Review: ‘Peter Hunter and the Minions of Mara’ by Janie St Clair

35613532Peter tried to convince himself that his karate teacher was just a little weird. Then in the fall of his eighth grade year, all his opinions changed: Sensei was completely and utterly crazy. He wanted to recruit Peter to become his apprentice in performing Buddhist exorcisms all over town.

Peter thought he had enough on his plate with the normal stresses of teenage life: dealing with parents, fitting in, making good grades, and getting the girl. How could he possibly be expected to add “battling ancient evil spirits” to the list?

In Peter Hunter and the Minions of Mara, one boy is given the necessary tools to take on the ancient, invisible forces of evil that ensnare humans daily. Peter finds his life revolutionized by Buddhism. He finds his life further transformed when the myths and lore of dark spirits are discovered to be real and active, hidden in plain view.

Can he overcome the temptations of Mara and his minions while protecting his fellow humans from their wrath and trickery?


Book details

Genre: Middle Grade

Publisher: Independently published

Series: Freelance Exorcists, #1

ISBN: 9781521302200



This book was kindly supplied to me by the author in exchange for an honest review. All opinions expressed below are my own, and have not been influenced in any way by factors external to the story.

Refreshingly wholesome and unique, Peter Hunter and the Minions of Mara is a story that younger readers will devour. Janie St. Clair weaves a thrilling narrative of growth around the core values of Buddhism, while still managing to tie in elements of danger, excitement and the supernatural to keep her readers hooked.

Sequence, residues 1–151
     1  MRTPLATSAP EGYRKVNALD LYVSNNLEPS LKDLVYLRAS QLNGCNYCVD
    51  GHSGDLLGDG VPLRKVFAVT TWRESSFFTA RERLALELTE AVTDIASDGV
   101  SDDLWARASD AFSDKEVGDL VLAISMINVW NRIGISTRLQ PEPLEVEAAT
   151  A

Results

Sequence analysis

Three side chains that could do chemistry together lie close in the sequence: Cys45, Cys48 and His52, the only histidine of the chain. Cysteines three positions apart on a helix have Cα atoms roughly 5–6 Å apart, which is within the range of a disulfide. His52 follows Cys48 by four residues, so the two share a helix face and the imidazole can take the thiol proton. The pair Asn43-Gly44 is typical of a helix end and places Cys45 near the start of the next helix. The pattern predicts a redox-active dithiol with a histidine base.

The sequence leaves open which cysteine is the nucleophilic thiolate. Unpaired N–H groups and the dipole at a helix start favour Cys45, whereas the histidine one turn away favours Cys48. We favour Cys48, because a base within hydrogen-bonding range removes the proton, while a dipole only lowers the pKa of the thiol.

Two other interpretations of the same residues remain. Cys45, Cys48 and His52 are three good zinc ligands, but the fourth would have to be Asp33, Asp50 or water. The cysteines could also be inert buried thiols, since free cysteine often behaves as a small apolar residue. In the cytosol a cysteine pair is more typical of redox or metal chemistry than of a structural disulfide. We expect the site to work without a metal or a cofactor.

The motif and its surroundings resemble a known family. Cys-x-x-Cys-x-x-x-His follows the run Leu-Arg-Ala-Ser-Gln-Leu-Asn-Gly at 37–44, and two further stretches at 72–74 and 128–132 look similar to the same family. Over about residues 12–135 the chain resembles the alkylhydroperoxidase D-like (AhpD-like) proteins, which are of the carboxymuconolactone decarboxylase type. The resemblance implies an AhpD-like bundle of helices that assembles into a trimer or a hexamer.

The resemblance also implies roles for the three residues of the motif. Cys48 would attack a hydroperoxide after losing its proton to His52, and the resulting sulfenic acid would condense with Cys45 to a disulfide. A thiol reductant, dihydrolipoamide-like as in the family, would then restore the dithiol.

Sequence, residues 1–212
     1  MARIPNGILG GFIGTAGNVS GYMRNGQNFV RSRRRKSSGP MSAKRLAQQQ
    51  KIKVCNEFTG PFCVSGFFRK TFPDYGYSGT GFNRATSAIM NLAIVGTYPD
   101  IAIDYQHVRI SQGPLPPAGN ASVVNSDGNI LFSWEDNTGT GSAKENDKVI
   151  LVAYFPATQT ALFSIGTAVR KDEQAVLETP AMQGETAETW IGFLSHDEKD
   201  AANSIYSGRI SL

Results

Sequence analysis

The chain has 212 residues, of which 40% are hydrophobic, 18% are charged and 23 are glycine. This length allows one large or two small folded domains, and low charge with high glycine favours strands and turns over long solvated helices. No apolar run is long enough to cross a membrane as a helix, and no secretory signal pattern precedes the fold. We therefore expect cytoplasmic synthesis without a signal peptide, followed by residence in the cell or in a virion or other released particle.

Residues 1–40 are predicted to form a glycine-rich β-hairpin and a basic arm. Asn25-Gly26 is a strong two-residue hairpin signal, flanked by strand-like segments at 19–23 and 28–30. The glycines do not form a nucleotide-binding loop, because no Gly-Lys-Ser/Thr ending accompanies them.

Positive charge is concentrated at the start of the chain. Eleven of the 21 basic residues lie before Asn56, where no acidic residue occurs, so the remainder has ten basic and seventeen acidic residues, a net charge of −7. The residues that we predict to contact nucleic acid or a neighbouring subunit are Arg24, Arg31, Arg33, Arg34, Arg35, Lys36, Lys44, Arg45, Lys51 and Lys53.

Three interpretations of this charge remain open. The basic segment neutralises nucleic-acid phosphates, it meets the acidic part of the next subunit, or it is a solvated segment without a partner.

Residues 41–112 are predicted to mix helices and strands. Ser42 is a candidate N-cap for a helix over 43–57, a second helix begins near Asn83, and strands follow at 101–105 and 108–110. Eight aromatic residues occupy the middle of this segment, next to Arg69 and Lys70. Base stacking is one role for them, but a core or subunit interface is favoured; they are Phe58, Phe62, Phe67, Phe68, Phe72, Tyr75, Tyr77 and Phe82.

By far the strongest element of St. Clair’s story is her characters. Peter is charming and lively, instantly lovable with a character arc that could put most middle-grade authors to shame. There’s a tone of subtle encouragement for the reader to learn and strengthen alongside Peter, but this was never allowed to overpower the storyline. Additionally, it was wonderful to see a range of well-developed characters in supporting roles, who brought surprising depth to the overall plot and made Peter’s story that much more real.

I did take some issue with the timeline of the narrative, which tended to jump forward in leaps that were a little jarring. A more condensed plot that takes place in a shorter time period may have helped in raising both the stakes and the overall level of tension in the novel. But given the strength of the leading character and the frequency of high-energy, fast-paced scenes, I don’t think this will be an issue for many younger readers.

All things considered, this is a brilliant gift choice for a middle-grade reader this holiday season. Fans of Percy Jackson will adore the charismatic protagonist and mythical monsters, and even the most reluctant of readers could be swayed by elements of action, mild romance and friendship. Definitely keep an eye on this series – it looks exceedingly promising.


4 stars

Rating: 4/5

Recommended to: Younger fans of Percy Jackson.

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